Note: This post was originally set to be published in October 2007.
This past October I had the pleasure of attending a course on Venture Capital at the Indian School of Business (ISB). The six day course served as much as a refresher in finance for me as an opportunity to expand my understanding of the current business environment in India – of course, the networking opportunity was also exceptional.
A World Class Facility
I’ve been on several college campuses in India, but none quite compares to the ‘island’ that is ISB. Built about seven years ago, and with as little government intervention as is possible in India, the 260 acre campus is walled off from the rest of Greater Hyderabad. Inside these walls is a fully contained academic campus, including student, faculty, and staff residences. The place has a resort like quality, but it is clearly a temple to modern management as well. Those of us who were students of executive education classes were provided with excellent accommodations at the hotel located inside the gates of the campus. We also had superb dining at the executive cafe. The classrooms, at least those for executive education, are on par with the best amphitheater style classrooms that I’ve seen at the leading American institutions. We had very long days, nights during the class [which was surprisingly rigorous] and we always felt attended to. Even the smallest of requests were fulfilled quickly. For that, the staff at ISB should be commended. [Above picture is from the entrance of the library].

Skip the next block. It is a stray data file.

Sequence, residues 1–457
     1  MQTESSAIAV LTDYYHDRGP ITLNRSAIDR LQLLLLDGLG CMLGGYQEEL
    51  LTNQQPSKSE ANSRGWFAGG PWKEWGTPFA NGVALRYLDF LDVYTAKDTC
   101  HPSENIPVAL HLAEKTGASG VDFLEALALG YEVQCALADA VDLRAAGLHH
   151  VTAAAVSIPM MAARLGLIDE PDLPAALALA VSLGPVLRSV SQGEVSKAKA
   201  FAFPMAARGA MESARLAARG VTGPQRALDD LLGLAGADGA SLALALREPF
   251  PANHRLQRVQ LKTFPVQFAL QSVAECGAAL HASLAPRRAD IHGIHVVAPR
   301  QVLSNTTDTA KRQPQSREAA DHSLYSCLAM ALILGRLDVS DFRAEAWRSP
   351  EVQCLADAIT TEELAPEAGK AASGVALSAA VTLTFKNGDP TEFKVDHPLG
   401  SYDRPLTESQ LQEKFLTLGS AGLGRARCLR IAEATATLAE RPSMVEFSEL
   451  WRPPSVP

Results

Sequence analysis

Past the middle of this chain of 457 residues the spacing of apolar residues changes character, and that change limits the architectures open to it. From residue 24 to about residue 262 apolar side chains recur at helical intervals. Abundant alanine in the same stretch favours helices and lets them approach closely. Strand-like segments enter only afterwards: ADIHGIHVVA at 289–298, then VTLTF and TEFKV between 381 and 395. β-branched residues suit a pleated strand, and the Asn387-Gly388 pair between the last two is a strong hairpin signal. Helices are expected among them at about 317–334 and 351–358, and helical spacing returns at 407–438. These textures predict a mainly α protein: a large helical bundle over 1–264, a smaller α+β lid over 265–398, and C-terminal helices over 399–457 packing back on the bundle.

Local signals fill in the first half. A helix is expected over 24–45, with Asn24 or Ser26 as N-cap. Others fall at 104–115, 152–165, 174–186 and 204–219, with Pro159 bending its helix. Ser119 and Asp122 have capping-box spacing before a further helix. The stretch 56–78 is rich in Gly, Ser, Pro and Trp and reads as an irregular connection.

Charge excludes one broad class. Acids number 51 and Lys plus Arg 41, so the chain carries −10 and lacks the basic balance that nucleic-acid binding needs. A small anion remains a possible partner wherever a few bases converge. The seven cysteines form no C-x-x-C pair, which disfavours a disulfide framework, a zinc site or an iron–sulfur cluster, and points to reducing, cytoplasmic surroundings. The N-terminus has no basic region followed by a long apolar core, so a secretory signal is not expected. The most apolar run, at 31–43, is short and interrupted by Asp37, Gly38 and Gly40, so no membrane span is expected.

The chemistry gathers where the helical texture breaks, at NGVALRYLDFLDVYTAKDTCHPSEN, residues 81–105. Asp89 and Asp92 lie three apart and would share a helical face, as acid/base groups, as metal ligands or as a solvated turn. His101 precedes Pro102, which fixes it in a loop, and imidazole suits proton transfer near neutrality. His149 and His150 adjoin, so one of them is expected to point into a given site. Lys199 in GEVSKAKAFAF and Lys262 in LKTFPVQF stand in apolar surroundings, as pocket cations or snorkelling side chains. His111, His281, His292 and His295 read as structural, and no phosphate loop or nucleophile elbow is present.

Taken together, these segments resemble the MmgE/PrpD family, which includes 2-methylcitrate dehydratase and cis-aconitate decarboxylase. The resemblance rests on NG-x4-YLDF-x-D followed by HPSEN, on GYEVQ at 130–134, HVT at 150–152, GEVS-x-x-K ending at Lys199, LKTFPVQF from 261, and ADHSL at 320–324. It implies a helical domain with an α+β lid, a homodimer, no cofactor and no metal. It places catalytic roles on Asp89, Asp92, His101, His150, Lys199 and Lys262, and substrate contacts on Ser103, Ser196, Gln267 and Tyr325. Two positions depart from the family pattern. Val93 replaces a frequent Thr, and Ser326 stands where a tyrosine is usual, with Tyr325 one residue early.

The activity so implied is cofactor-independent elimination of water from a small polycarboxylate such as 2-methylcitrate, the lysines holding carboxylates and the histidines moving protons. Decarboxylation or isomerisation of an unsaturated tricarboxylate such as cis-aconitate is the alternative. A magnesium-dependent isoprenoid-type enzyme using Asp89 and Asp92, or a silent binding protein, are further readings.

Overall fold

A World Class Education
The VC course was taught by to professors from the London School of Business [LSB], John Mullins and Antony Ross. Both were exceptional, and employed the classic case study method that is the hallmark of many western business schools. ISB was founded on the premise of becoming a globally recognized leader in management education and research. This is reflected in the schools affiliations with LSB, University of Pennsylvania’s Wharton School, and Northwestern University’s Kellogg School. [UPDATE: It looks like that global focus is paying dividends, as ISB has just received a Top 20 ranking by the Financial Times :link to Rashmi Bansal’s story]. While I didn’t get a chance to sit in on the regular courses at ISB, I did have an opportunity to meet with a professor friend who left the United States to join the faculty at ISB. He reiterated the deep focus on establishing the standard bearer for management education in India.
A great experience
The last thing that most people think of when planning a vacation is adding long nights and long days of financial case study into the mix. After spending time at ISB back in October, having the chance to meet some fascinating people, and getting polished on the fundamentals of structured finance, I’m convinced it was the best part of my month in India!